Ortho-Preferred

Safe Zone for Tibial Pin Insertion   



- General Considerations:
    - safe zones for pin insertion imply that pins will avoid major neurovascular structures;
    - besides avoiding neurovascular strucutures, it is important that pins be inserted in subcutaneous locations;
          - subcutaneous insertion avoids muscular impalment which decreases pain and increases function;
          - other advantageous include decreased swelling and decreased pin infection;

- Proximal to the Tibial Tubercle:
    - pins can safely be inserted within an arc of 220 deg;
    - safe zone extends from posteromedial border of tibial plateau to the tibiofibular joint (of course, this excludes the patellar tendon);
    - transfixation wires:
          - can be inserted through the anterior portion of fibular head, aiming 30 deg anterior across proximal tibia (from lateral to medial), to exit medial to the patellar tendon;
          - a second wire is inserted transversely, anterior to MCL and head of fibula;
    - halfpins:
          - are inserted at the oblique lateral or medial aspect of proximal tibia;
          - transfibular half pin:
                 - provides additional fixator stability;
                 - insert a guide wire through the fibular head and is driven out of the proximal tibia;
                 - insert a cannulated drill over the guide wire (drilling from the tibia into the fibula);
                 - the drill is removed and an appropriately sized half pin is inserted thru the tibia into the fibular head;
    - hazards:
          - all neurovascular structures are located posterior to fibular head and the MCL;
          - because the synovial recess extends below the joint line, wires should be placed at least 1 cm below joint line to avoid potential septic arthritis;
          - further, w/ tibial plateau frx, disruption of the joint capsule will mean that even pins placed 2-3 cm from the joint, will be ask risk for septic arthritis;
                 - you only need to see one of these to believe it;

- Just Distal to the Tibial Tubercle:
    - safe arc of insertion is decreased to 140 deg, and this level is not entirely safe for transfixion wires;
           - anterior tibial artery is located just anterior to interosseous membrane, and the posterior tibial artery lies behind the tibialis posterior;
           - therefore, transfibular transfixation pins cannot be inserted at this level;
    - posteriorly directed pins are to be especially avoided;
    - halfpins:
           - are inserted at the oblique medial aspect of tibia;
    - transfixation wires:
           - are inserted at the oblique lateral aspect of tiba just distal to the tibial tubercle, (thru tibialis anterior) and exits along the postero-medial aspect of tibia;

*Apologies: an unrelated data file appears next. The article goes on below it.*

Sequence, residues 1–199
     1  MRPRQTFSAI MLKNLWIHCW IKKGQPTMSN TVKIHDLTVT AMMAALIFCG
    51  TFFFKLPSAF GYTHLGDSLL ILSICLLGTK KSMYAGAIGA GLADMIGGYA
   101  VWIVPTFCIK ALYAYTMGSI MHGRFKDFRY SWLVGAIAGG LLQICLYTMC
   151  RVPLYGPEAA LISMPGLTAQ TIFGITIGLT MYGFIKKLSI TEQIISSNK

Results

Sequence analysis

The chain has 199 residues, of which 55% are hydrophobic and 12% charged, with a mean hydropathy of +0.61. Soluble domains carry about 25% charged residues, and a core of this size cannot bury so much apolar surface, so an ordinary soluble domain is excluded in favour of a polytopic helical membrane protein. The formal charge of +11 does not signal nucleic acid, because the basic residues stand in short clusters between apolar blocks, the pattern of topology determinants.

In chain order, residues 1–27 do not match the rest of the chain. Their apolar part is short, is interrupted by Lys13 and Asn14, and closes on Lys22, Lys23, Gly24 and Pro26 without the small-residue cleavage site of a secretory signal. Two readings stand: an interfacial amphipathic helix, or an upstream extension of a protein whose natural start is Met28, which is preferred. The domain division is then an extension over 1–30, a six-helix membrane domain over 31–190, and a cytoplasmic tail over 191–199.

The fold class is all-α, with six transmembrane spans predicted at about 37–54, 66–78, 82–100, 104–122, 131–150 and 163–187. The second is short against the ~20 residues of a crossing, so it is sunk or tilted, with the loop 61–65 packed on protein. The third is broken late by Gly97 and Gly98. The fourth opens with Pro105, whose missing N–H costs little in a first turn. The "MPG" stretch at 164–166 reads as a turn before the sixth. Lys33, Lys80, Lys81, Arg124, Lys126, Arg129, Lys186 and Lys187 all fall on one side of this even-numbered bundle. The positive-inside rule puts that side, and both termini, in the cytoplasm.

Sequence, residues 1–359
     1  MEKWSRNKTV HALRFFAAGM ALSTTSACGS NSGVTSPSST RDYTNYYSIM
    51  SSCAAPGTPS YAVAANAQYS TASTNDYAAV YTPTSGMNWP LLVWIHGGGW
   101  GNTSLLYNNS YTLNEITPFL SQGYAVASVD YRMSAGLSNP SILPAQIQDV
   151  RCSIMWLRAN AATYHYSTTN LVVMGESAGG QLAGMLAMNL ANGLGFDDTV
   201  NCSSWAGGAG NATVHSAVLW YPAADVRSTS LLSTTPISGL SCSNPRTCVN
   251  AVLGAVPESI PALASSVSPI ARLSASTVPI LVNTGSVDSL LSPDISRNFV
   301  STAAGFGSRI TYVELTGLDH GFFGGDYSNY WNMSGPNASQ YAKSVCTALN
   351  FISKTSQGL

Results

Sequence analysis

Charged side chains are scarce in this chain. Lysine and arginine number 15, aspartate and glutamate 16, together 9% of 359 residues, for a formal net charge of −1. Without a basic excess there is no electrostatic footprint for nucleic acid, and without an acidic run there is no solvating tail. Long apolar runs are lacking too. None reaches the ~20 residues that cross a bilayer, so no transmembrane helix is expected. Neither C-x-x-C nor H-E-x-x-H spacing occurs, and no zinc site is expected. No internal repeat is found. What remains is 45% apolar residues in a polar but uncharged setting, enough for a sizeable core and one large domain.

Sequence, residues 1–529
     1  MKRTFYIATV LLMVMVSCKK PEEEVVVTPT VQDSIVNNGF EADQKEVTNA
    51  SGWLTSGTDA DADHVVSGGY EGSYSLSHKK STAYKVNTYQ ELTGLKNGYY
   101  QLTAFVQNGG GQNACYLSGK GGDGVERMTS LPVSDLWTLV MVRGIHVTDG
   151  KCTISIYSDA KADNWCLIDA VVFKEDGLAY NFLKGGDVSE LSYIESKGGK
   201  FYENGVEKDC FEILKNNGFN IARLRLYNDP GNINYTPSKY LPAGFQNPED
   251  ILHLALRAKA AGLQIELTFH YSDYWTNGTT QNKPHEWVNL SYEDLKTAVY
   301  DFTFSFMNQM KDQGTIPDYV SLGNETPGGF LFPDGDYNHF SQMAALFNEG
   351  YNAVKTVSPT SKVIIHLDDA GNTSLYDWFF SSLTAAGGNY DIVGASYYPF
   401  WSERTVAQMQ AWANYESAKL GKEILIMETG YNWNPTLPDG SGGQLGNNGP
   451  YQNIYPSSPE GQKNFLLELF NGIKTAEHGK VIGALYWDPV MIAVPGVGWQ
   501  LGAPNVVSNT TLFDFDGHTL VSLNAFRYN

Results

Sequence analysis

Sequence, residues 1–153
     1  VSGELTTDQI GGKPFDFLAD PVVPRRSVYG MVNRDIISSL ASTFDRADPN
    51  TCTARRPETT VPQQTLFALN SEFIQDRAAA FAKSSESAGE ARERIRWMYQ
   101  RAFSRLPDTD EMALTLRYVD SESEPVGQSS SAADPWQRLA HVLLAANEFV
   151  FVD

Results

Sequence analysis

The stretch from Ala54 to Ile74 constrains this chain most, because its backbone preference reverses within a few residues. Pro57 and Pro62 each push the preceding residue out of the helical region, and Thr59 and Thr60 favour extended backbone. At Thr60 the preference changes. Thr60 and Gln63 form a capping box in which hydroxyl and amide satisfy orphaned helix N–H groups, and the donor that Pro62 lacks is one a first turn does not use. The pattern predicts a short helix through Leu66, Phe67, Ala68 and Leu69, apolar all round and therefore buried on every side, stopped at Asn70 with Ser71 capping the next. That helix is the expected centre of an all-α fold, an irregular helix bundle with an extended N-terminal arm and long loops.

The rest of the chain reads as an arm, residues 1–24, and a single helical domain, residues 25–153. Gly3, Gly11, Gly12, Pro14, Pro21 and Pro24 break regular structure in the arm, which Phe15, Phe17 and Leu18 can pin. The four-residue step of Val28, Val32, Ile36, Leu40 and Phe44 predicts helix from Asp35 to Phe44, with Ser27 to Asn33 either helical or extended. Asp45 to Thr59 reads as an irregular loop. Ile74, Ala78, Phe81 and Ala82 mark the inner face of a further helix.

- take care not to injure the saphenous vein or nerve;

- Mid-Tibia and Distal Tibia:
    - along the distal tibia, the anterior tibial vessels hug the medial tibial cortex;
    - transfixation wire is inserted 1 cm lateral to the tibial crest and is aimed posteromedially at an angle of 40-50 deg so that it passes just anterior to the posterior compartment musculature;
            - generally this wire will pass posterior to the saphenous vein and nerve;            
    - if needed, a second wire can be inserted transversely from lateral to medial, thru the anterior compartment musculature and out the medial side of the tibia;

- Distal Tibia (above the ankle):
    - the safe arc remains at 120 to 140 deg, but the anterior tibial vessels and deep peroneal nerves become vulnerable as they cross the lateral tibial cortex;
    - transfixation wires:
           - transfibular fixation wire: placed thru anterior portion of fibula (to avoid the peroneal vessels);
           - transverse fixation wire: avoid transfixation of the saphenous nerve and vein;
                   - may be inserted from lateral to medial, starting at a point 1 cm anterior to the fibula;
           - alteratively insert a wire from lateral to medial starting at a point just lateral to the tibialis anterior (note that the vessels will lie just lateral to this point) and aiming posteromedially to exit the tibia just in front of the tibialis posterior;
           - transfibular half pin:
                   - provides additional fixator stability;
                   - insert a guide wire through the fibula and is driven out of the proximal tibia;
                   - insert a cannulated drill over the guide wire (drilling from the tibia into the fibula);
                   - the drill is removed and an appropriately sized half pin is inserted through the tibia into the fibula;

- Foot Inclusion:    



External fixation of the tibia. Basic concepts and prospective evaluation.

Soft tissue injuries with the use of safe corridors for transfixion wire placement during external fixation of distal tibia fractures: an anatomic study.

Evaluation of Popliteal Artery Injury Risk With Locked Lateral Plating of the Tibial Plateau



Original Text by Clifford R. Wheeless, III, MD.

Last updated by Data Trace Staff on Thursday, August 2, 2012 12:23 pm